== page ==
A GUIDE TO OUR 5 STEP MOTION DESIGN PRODUCTION PROCESS.
Not all projects are the same, so no production process is alike. That’s why, over the years, we developed a set of processes and use them for our production framework. It outlines every step along the way and works like a blueprint that can be adapted to almost every project. These tools help us and our clients to align on goals, ideas, timeframe and budget of the project and allow us to carefully plan and keep track of every step along the production process. Depending on the project we might skip or add one in between, but in general this is how we set up our production workflow.
1. The discovery
We love to start our projects with a workshop. It’s a great opportunity to get to know each other, exchange ideas and make the project truly collaborative. Together we take a look at the brief and any other relevant information from the client and discuss every detail. Sometimes clients have a script, a voiceover, some visuals or other references that we need to have a look at and talk about. Now we outline all the details and requirements of the project, i.e. the objectives and goals, the target audience, context and environment where the movie will be watched, the deadline and the budget, etc.
To fully understand the clients needs and the purpose of the movie we like to take some extra time and ask more questions. We really like to identify the core function of the animation and approach the task from multiple angles. The results build the foundation of the project, so this step is critical for the success of the movie.
2. The concept
Now it’s time to digest all the information we gathered in our discovery. We take all requirements and restrictions into account and come up with a basic idea that we put in a few words. This can be in many forms like a draft description of the information displayed in the movie, an interpretation of the storyline or the style or visual language, or maybe a first draft of the voiceover.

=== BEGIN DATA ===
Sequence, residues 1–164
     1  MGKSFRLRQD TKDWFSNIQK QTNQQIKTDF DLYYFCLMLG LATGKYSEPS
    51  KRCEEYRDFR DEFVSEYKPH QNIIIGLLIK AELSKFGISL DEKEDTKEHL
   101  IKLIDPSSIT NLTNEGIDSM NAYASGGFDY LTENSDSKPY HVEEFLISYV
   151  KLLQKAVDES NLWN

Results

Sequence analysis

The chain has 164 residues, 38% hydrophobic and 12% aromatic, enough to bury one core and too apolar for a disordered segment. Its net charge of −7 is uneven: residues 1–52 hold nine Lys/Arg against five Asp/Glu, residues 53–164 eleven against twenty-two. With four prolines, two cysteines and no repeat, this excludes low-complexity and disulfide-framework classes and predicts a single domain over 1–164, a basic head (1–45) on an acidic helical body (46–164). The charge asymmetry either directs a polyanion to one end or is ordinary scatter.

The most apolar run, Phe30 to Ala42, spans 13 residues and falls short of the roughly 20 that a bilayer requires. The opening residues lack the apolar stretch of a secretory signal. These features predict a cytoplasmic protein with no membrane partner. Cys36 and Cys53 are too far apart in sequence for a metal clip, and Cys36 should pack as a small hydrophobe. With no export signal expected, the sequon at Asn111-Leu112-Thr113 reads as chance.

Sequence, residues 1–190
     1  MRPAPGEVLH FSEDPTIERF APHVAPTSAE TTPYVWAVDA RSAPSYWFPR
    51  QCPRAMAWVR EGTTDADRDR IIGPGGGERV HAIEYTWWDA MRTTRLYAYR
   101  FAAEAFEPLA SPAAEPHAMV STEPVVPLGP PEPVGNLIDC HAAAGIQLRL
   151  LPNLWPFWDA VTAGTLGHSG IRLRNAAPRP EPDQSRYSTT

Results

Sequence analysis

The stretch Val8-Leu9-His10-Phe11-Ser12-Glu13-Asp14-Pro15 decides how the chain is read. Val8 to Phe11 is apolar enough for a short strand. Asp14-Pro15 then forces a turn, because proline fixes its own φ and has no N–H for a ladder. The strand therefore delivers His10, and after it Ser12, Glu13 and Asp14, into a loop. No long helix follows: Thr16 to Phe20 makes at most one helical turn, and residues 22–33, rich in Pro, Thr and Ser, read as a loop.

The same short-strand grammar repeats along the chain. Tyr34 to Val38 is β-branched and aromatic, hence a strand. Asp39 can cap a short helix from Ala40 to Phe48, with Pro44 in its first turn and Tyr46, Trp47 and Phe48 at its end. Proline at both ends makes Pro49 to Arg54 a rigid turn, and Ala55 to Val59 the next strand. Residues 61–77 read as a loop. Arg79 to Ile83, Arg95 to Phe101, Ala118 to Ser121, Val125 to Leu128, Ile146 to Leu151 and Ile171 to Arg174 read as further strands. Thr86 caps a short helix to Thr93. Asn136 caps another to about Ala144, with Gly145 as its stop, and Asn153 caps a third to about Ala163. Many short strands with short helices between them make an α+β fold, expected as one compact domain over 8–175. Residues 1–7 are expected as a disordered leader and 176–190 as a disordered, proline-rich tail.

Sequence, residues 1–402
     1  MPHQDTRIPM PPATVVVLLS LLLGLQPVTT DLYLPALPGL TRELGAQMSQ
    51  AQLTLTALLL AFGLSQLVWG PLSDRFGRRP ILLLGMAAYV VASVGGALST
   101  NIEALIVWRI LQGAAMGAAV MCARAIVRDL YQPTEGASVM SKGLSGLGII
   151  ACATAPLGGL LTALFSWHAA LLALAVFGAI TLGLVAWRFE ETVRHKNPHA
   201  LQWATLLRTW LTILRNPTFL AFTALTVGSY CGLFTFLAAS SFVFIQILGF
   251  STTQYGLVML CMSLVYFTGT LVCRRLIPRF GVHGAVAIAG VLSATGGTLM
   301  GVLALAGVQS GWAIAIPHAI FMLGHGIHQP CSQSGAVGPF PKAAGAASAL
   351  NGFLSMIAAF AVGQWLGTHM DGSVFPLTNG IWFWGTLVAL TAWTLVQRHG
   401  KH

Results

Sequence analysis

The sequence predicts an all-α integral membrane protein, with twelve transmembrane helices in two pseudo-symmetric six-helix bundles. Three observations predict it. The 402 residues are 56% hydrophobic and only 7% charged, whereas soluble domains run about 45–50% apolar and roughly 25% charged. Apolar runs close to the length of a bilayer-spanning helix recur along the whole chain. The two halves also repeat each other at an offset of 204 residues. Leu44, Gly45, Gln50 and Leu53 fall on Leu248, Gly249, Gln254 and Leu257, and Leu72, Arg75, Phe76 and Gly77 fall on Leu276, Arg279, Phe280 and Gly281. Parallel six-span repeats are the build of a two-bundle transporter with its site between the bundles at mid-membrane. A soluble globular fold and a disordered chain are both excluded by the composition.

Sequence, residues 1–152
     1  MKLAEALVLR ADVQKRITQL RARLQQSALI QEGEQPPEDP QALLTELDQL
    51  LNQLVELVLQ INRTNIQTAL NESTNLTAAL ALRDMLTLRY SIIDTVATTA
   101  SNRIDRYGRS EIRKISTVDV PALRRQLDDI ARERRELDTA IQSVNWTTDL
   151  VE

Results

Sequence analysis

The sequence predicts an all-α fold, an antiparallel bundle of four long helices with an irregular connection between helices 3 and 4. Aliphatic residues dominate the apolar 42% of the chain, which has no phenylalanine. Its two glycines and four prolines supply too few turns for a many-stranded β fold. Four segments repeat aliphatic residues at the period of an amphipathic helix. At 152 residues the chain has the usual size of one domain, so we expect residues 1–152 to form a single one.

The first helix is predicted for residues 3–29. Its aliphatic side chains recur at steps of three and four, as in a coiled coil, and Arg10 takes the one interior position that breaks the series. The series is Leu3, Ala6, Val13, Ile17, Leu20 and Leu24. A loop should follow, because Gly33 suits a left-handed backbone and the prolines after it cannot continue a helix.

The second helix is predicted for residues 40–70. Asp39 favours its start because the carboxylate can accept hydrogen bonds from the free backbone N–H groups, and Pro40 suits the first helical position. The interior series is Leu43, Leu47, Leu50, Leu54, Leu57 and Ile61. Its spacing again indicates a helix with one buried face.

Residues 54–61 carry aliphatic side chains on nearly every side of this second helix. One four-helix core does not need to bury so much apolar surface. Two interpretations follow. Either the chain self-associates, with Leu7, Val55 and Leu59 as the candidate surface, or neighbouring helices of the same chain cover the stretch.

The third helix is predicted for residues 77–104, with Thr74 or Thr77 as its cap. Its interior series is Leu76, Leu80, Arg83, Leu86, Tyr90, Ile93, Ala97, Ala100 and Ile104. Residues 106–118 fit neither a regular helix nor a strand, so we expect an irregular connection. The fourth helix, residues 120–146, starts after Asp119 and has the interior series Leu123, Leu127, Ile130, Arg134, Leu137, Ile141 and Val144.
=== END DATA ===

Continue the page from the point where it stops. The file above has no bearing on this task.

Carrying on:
And we’ll talk about money asap. We like to have an open conversation with our clients about effort, price and budget so we can readjust the idea or project scope if we have to. And if that’s out of the way, we lay out a rough production timeline displaying all the key production phases, including feedback and approval dates, to get an idea of how long the production is going to take, and who is going to be involved.
3. The design
We start dreaming up the best possible style direction for the idea. First we look for inspiration and reference materials that matches the idea and concept and aligns with the intended look and feel of the project. If the client has an existing design or campaign we use this as a starting point and adapt and expand on that.
During research and development, we explore styles and techniques we can use to visualize the idea and we validate feasability so we don’t promise what we can’t keep. These visual styles, together with other design elements like typography, grid, illustrations, etc. are merged into the style frames (or style scapes) that show a mix of the key design elements to get a better idea about what the final product will look and feel like.